However, despite portraying what we contemporary readers, and much of the educated readership of Stendhal's own time, would consider to be a more primitive society, the characters are all intensely *alive* in a way that modern, rational, bourgeois bureaucratic society isn't. There is less of a disconnect between the inner and the outer being. They seem less repressed. There is a clear, obviously unfair hierarchy between the rich and powerful, the precarious nobles and ambitious middle-class, and the poor. Servants and poor people care deeply about the problems and concerns of their masters and employers. Their masters respond with a mixture of indifference, cruelty and occasional outbursts of generosity. Random peasants and vagabonds offer a helping hand to Fabrizio and his sexy Aunt Gina because they are moved by their depth of feeling, nobility and good looks. There is a grandeur about the way everyone conducts themselves, as if they are consciously trying to put on a good performance in the drama of human existence. One possible cause is that people seem relatively indifferent to money. Money is just something floating around and people don't seem all that concerned about how it is generated or keeping it. Gina and Fabrizio are constantly receiving and giving away large sums of money without ever having to concern themselves about how it is made or how they will get their hands on some more. Gina turns down several proposals of marriage from wealthy eligible bachelors as a young widow, choosing to live in noble (relative) poverty instead. The actors choose to wonder the country scraping a precarious living because they would rather live this free, bohemian existence than be tied down as servants or agricultural workers. A man conducts an affair with a married woman and when they are discovered they flee to live in a cabin in the woods. They have a child and gradually he falls out of love with her but feels obliged to continue to support her. He becomes the most highly regarded poet of his region and the most feared highwayman, but he has a strict policy on exactly how much money his is morally able to steal and have in his possession at any one time, so he leaves or gives away anything over this figure. He falls desperately in love with Gina after observing her from afar, based upon nothing more than her looks and demeanour, and swears his life and allegiance to her out of a sense of chivalric devotion. Everything about this guy is preposterous from a modern perspective, and yet there is something magnificent and admirable about him.
Considered as a case study exploring a dying epoch written by somebody from the beginning of the modern, rational, bourgeois age that we are possibly living through the end of today it becomes a more interesting novel than I initially thought. ...more
I enjoyed this book, despite struggling to grasp exactly what was going on at some points, but that may be because I have just read the preceding 5 boI enjoyed this book, despite struggling to grasp exactly what was going on at some points, but that may be because I have just read the preceding 5 books. If I came to it without having just read the others I think I may have liked it less. ...more
A bit of a return to form for the Earthsea sequence. Le Guin presents a series of short stories that explore situations and introduce characters outsiA bit of a return to form for the Earthsea sequence. Le Guin presents a series of short stories that explore situations and introduce characters outside of the time and space we have looked at so far, and it helps us to develop a better picture of her fictional universe. ...more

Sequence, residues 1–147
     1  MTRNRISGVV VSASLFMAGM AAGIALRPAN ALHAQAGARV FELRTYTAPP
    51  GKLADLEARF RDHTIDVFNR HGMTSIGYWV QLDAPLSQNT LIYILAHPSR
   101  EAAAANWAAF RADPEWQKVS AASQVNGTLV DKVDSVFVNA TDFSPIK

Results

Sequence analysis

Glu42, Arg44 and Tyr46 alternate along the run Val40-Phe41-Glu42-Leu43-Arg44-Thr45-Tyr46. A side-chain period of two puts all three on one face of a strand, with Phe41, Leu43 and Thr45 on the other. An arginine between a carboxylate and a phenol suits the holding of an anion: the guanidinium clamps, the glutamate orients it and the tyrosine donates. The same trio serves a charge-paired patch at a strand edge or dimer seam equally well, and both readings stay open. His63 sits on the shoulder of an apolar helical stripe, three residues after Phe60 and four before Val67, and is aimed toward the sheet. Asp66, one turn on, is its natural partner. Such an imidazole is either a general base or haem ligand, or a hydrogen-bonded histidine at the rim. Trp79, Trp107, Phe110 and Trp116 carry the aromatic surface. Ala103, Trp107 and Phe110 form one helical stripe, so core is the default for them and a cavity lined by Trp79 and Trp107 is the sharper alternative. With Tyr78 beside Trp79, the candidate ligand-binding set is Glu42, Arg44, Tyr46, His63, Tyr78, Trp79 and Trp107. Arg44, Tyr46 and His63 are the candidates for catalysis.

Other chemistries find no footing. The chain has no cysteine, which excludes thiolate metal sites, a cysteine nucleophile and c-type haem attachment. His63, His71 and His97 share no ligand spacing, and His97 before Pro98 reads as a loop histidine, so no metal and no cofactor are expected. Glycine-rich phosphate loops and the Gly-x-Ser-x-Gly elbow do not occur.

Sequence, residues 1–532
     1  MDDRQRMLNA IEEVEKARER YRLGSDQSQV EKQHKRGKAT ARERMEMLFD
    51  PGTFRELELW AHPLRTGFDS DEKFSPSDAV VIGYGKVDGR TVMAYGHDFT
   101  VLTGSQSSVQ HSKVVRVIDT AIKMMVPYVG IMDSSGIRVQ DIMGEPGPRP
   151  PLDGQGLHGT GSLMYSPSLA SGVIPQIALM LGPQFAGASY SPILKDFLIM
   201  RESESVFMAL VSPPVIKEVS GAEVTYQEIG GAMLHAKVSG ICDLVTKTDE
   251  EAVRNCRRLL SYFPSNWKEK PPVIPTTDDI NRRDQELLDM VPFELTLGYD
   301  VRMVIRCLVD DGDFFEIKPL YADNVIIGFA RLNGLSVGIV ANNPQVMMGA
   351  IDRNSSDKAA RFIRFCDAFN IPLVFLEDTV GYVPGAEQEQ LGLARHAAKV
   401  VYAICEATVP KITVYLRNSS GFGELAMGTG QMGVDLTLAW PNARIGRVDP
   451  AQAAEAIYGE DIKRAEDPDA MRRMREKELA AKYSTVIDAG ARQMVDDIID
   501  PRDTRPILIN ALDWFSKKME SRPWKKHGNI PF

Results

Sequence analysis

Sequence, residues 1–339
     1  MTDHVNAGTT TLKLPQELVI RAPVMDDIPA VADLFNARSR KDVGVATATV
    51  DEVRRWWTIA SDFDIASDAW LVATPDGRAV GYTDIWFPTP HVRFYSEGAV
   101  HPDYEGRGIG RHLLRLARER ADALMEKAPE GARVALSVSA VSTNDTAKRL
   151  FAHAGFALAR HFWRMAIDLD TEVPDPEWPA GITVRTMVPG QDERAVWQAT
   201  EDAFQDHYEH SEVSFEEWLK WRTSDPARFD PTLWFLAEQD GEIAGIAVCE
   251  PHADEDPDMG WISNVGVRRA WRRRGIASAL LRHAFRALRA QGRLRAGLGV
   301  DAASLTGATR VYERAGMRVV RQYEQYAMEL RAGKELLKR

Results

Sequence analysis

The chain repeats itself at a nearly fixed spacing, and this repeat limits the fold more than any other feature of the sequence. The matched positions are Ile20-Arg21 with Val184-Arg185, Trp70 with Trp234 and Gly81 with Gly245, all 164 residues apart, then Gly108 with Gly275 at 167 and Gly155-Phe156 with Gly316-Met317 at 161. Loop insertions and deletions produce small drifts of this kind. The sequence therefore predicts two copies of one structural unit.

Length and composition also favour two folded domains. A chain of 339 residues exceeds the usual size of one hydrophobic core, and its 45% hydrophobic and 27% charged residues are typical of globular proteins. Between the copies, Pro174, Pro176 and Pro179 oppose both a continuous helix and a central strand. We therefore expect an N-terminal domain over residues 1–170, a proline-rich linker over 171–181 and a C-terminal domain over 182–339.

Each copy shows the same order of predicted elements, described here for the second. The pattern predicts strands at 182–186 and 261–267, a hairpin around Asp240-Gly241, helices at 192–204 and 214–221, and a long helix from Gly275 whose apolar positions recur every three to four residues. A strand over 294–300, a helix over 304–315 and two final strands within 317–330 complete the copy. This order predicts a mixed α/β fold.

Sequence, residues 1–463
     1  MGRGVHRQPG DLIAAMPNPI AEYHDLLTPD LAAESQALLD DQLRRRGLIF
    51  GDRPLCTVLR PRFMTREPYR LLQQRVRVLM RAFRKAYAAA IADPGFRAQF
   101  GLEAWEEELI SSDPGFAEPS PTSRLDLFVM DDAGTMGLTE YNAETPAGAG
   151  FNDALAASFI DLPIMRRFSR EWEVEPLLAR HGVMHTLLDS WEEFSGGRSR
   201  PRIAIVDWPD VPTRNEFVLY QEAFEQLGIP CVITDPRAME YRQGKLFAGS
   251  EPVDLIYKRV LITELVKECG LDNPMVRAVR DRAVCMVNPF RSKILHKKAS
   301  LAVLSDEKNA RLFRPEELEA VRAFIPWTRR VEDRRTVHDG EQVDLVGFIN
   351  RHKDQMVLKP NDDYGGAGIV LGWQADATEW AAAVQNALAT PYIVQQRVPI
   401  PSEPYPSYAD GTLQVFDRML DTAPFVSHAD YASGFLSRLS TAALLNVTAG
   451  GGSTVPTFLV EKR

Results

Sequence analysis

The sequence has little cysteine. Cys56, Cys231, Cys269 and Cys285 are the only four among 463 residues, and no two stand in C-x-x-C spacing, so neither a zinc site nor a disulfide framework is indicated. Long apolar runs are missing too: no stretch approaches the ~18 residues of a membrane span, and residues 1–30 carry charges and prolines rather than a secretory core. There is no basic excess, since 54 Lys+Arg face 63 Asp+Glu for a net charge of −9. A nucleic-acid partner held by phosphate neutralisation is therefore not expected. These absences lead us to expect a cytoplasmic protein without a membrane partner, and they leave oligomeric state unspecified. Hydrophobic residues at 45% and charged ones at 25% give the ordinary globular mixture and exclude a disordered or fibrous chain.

Another disappointing volume. This book is a side alley in the Earthsea sequence. I can see why Le Guin wrote this book. It acts as a bit of a correctAnother disappointing volume. This book is a side alley in the Earthsea sequence. I can see why Le Guin wrote this book. It acts as a bit of a corrective to the almost clichéd heroic fantasy of the last volume and chooses to focus instead upon the lives and position in society of ordinary people who aren't wizards or warriors or royalty. It explores Ged's response to losing his powers, reintroduces a middle-aged Tenar and explores the place of women within society. Whilst I understand why Le Guin would have been motivated to write this book it doesn't really work for me. ...more
A bit disappointing compared to the first two volumes. Lebannen is a totally clichéd fantasy hero. I would have expected Le Guin to subvert the convenA bit disappointing compared to the first two volumes. Lebannen is a totally clichéd fantasy hero. I would have expected Le Guin to subvert the convention a bit. The antagonist isn't very developed, the story is a bit simple and predictable. This book doesn't have the sense of mystery and idiosyncrasy that the first two volumes had.
On a side note, Le Guin is obviously influenced by T.S. Eliot in depicting the afterlife. ...more
Really excellent. My third Le Guin novel and each of them have been fantastic. The second book in the Earthsea sequence focusses upon a different cultReally excellent. My third Le Guin novel and each of them have been fantastic. The second book in the Earthsea sequence focusses upon a different culture and region to A Wizard of Earthsea and has a different protagonist. The isolated desert community the book takes place in has some similarity to Gormengast being a dark, morose place with a rigid social structure, dominated by ancient ritual and with no idea of what is happening out in the rest of the world, but Le Guin is an original writer with a fantastic imagination and an excellent prose style. Arha, the chief priestess of the ancient Nameless Ones, lives a life of mystery and ritual, holding absolute power in her community and with absolutely no personal freedom or life of her own. I visited the Forbidden City in Beijing once and learning the Emperor's daily routine showed me how boring, rigid and joyless a life like this is. I look forward to reading on in the Earthsea sequence. ...more